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Rainbow

Rainbow

Rainbow
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Most colourful and fragrant blend of multiple kinds of flower petals and a black tea - something to be proud of!

Ingredients: Black Tea (Camelia Sinensis), Blue Cornflower Petals, Red Cornflower Petals, Calendula Petals, Safflower Petals, Natural Essences

25g (8-15 cups of tea)
$4.95
100g (35-65 cups of tea)
$12.95
500g (165-300 cups of tea)
$56.95
2kg (670-1300 cups of tea)
$194.95

Instructions

  • Serving Size: 3g /cup
  • Steeping Temp: 100°C
  • Steeping Time: 2 to 5 mins.
  • Certification: Organic
  • Origin: Various
  • Caffeine: High

Rainbow

Created to celebrate Pride, Rainbow is a blend of colourful flower petals and black tea with the distinctive flavour and aroma of Earl Grey. While enjoying this delicious and beautiful blend, you will also be supporting www.egale.ca, as we are donating 15% of all Rainbow sales to them between now and the end of August. Egale's mission is to improve the lives of LGBTQI2S people in Canada and to enhance the global response to LGBTQI2S issue. We are proud to support them, and to offer you this tea!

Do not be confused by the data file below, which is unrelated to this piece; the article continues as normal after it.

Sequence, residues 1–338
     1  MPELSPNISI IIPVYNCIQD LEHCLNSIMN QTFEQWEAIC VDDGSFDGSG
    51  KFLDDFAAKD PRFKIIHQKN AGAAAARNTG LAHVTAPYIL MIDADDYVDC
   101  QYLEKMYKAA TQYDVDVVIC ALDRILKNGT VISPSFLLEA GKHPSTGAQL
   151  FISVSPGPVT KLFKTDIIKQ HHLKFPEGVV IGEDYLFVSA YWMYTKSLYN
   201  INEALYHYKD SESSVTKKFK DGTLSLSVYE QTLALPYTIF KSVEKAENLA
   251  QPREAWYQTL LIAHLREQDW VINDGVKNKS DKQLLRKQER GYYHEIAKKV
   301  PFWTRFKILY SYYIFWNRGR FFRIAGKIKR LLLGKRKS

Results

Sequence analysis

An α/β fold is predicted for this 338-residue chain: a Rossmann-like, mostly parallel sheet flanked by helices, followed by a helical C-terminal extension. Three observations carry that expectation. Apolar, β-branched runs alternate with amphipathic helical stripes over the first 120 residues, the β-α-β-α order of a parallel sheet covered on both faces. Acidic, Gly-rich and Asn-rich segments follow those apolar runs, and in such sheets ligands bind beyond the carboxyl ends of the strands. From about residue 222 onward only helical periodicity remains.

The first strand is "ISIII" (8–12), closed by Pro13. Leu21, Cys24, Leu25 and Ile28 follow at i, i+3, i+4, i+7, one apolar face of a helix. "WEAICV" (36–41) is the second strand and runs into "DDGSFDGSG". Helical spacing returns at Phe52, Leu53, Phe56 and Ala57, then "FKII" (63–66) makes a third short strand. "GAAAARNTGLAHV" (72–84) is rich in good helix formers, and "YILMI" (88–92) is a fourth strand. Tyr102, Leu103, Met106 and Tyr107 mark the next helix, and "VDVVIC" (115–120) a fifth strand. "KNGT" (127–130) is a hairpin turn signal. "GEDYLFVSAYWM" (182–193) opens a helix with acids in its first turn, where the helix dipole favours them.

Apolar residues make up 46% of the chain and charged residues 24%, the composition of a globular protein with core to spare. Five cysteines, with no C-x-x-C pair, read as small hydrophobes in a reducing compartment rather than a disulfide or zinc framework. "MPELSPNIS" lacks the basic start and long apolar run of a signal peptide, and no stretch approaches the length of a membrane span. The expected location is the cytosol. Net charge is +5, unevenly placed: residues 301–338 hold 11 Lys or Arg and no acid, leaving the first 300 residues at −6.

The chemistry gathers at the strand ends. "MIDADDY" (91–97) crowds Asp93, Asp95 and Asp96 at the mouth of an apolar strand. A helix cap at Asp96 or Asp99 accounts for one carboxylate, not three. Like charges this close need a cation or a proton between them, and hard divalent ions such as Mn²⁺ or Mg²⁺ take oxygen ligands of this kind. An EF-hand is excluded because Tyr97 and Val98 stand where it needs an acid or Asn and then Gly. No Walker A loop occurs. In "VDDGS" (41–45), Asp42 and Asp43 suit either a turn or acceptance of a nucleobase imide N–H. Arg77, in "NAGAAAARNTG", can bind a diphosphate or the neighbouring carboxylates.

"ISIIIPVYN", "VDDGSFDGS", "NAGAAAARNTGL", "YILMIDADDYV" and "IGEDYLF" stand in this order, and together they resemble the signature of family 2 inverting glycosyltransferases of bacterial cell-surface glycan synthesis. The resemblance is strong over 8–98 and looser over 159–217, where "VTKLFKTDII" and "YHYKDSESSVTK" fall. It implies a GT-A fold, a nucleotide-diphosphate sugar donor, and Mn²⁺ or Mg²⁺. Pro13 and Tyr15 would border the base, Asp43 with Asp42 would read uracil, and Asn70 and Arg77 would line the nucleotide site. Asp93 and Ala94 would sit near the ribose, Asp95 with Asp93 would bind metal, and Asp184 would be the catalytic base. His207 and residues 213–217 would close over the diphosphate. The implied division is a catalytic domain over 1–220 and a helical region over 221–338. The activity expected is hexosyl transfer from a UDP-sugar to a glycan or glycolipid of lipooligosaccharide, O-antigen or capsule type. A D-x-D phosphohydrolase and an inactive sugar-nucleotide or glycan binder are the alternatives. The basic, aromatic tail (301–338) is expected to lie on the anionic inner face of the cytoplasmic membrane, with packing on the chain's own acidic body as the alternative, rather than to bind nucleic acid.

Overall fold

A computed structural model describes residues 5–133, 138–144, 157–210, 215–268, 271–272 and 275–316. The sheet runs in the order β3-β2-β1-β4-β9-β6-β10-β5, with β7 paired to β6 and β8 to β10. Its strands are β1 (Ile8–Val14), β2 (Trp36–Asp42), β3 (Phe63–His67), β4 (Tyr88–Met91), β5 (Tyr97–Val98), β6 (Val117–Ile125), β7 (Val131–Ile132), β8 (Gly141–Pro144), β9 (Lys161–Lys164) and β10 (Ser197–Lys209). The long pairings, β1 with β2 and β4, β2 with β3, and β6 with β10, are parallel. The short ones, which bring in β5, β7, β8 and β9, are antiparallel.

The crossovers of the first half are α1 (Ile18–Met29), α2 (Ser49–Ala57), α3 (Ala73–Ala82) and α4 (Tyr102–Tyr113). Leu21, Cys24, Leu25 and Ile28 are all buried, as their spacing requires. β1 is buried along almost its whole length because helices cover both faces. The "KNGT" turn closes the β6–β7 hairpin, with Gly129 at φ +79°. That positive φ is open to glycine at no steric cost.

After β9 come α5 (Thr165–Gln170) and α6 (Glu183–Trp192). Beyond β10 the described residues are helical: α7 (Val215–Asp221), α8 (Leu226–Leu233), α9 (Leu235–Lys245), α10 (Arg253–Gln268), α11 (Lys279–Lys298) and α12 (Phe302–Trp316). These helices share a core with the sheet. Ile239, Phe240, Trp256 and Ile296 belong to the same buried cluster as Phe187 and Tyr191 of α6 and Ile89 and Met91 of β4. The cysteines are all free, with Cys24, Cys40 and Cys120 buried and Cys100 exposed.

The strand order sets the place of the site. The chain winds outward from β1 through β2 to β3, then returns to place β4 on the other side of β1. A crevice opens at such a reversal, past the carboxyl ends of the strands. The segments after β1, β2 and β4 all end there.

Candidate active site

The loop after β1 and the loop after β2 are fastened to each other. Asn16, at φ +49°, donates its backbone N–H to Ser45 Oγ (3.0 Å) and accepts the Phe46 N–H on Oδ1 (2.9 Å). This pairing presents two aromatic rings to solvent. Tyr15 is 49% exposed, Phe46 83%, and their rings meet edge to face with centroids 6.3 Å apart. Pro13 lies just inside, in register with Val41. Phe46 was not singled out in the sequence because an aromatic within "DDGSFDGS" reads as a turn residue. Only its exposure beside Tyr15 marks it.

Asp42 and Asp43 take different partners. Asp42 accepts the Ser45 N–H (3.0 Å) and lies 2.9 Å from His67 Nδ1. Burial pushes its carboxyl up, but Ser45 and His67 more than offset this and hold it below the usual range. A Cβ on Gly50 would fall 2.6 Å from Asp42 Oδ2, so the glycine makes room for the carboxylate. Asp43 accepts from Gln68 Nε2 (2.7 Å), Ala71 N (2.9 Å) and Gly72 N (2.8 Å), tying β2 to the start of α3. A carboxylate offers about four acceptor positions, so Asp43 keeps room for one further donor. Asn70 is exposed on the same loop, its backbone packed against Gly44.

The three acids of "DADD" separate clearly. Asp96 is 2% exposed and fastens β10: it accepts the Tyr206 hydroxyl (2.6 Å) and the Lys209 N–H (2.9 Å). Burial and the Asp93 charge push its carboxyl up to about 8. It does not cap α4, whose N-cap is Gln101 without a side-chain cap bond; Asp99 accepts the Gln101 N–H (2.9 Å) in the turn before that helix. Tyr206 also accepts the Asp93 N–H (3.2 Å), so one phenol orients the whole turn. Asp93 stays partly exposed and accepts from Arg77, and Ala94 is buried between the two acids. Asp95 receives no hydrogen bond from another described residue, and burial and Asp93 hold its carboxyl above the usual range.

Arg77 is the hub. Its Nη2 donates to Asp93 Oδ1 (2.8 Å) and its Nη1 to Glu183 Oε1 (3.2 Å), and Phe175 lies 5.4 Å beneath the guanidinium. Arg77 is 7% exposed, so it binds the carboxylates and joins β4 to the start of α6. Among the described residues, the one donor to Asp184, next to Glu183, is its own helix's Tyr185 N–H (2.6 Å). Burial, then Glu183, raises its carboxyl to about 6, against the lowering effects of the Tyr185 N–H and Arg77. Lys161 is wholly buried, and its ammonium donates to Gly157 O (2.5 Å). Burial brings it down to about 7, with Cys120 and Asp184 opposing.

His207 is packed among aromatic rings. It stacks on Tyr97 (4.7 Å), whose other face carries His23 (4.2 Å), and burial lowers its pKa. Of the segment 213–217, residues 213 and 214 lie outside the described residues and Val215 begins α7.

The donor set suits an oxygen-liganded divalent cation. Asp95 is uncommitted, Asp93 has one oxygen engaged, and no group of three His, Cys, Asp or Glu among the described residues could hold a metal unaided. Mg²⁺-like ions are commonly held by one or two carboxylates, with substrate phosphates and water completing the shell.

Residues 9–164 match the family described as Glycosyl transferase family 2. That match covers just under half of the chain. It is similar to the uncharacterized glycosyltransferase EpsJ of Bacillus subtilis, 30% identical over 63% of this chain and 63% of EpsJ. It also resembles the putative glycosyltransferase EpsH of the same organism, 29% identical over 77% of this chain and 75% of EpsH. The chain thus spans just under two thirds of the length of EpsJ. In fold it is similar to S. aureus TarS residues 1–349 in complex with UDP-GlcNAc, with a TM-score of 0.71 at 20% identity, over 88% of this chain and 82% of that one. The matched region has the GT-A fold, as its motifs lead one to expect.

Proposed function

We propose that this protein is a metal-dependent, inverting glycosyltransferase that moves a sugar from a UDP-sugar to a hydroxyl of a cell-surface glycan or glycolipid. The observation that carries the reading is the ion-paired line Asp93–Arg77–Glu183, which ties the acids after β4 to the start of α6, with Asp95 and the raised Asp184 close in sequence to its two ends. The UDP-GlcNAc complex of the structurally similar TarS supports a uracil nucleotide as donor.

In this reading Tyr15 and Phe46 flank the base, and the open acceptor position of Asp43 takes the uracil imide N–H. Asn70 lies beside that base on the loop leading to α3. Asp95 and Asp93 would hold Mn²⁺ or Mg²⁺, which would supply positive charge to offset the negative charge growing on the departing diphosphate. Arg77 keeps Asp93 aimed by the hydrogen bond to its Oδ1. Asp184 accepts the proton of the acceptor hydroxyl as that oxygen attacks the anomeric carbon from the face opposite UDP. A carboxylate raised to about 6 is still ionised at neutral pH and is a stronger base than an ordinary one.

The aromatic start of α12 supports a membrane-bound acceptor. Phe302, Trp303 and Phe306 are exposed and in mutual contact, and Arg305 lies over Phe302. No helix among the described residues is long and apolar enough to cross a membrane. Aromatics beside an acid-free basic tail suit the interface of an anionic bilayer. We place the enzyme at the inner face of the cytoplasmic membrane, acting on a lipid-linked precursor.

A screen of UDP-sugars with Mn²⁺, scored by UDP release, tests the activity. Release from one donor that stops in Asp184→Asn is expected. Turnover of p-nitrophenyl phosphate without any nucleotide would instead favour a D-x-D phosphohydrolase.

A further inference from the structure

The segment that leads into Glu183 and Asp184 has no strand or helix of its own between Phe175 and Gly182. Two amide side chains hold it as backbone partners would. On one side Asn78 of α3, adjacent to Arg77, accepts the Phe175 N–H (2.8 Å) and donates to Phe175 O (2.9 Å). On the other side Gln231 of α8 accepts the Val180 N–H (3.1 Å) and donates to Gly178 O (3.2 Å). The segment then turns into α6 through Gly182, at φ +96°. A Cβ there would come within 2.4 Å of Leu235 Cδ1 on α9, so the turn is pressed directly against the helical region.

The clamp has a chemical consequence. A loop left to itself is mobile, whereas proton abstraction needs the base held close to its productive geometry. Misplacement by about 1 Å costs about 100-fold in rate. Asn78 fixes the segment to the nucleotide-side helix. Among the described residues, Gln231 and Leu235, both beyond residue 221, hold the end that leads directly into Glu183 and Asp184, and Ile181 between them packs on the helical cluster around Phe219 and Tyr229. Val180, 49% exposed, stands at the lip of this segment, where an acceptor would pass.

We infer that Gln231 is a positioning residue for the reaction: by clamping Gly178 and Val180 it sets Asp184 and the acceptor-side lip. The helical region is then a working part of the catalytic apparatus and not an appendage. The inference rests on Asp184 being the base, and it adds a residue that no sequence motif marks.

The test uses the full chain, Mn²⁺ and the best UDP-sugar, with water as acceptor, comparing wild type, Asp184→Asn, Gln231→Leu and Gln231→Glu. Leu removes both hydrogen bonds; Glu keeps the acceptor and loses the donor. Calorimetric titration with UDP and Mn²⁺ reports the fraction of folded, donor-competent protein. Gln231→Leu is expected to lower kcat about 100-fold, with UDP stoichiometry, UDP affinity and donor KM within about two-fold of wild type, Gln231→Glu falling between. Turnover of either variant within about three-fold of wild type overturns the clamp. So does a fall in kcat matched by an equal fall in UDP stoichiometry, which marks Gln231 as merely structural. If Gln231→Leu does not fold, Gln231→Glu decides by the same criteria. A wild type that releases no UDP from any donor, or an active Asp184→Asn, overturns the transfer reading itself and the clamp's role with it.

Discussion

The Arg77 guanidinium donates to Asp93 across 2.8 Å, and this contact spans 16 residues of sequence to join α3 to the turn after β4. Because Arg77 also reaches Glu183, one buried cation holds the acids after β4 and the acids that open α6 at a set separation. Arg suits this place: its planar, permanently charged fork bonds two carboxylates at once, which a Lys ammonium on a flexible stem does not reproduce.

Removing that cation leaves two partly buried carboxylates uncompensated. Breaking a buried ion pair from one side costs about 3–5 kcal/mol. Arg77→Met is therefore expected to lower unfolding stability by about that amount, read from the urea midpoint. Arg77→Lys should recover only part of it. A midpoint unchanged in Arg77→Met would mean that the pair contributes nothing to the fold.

Directions...
2 min without milk, 5+ min with milk

Tasting Notes

Certification: Organic
Grade or Quality: Pekoe
Aroma: Bergamot
Infusion Aroma: Citrus Notes
Infusion Color: Amber
Base flavor: Strong bergamot flavor, clean base notes
Infusion Strength: Medium-strong

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From the Shanti Tea Canada Blog

Tea Legends: A British Idea - Darjeeling Black - by Richard Isaac

Tea Legends: A British Idea - Darjeeling Black

Some people consider good Darjeeling Black tea an experienced unparalleled by any other, and for good reason, too. The particular climatic conditions like altitude, sun, rain and soil have combined to create a very unique black tea beloved the world over.

Darjeeling comes by its unmatched nature honestly. In cultivation in that region of India since 1841, it has had a long time to establish itself as one of the finest regional varieties of black tea today produced in the world. Interestingly, though, the tea actually comes from the small-leaf Chinese species of Camellia Sinensis, the same plant that gives the world most other varieties of white, green, oolong and black teas.

The plant first touched soil in Darjeeling when a British surgeon posted there, Dr. A. Campbell, decided to grow it. Traditionally a black tea, Darjeeling tea gardens have now begun to produce green, oolong, and white varieties. Its growers have also begun creating hybrid varieties and experimenting with different fermentation techniques. Only tea cultivated in the Darjeeling area can bear the name Darjeeling, which of course has only upped the motivation of those living...

Read the rest of the article on our blog.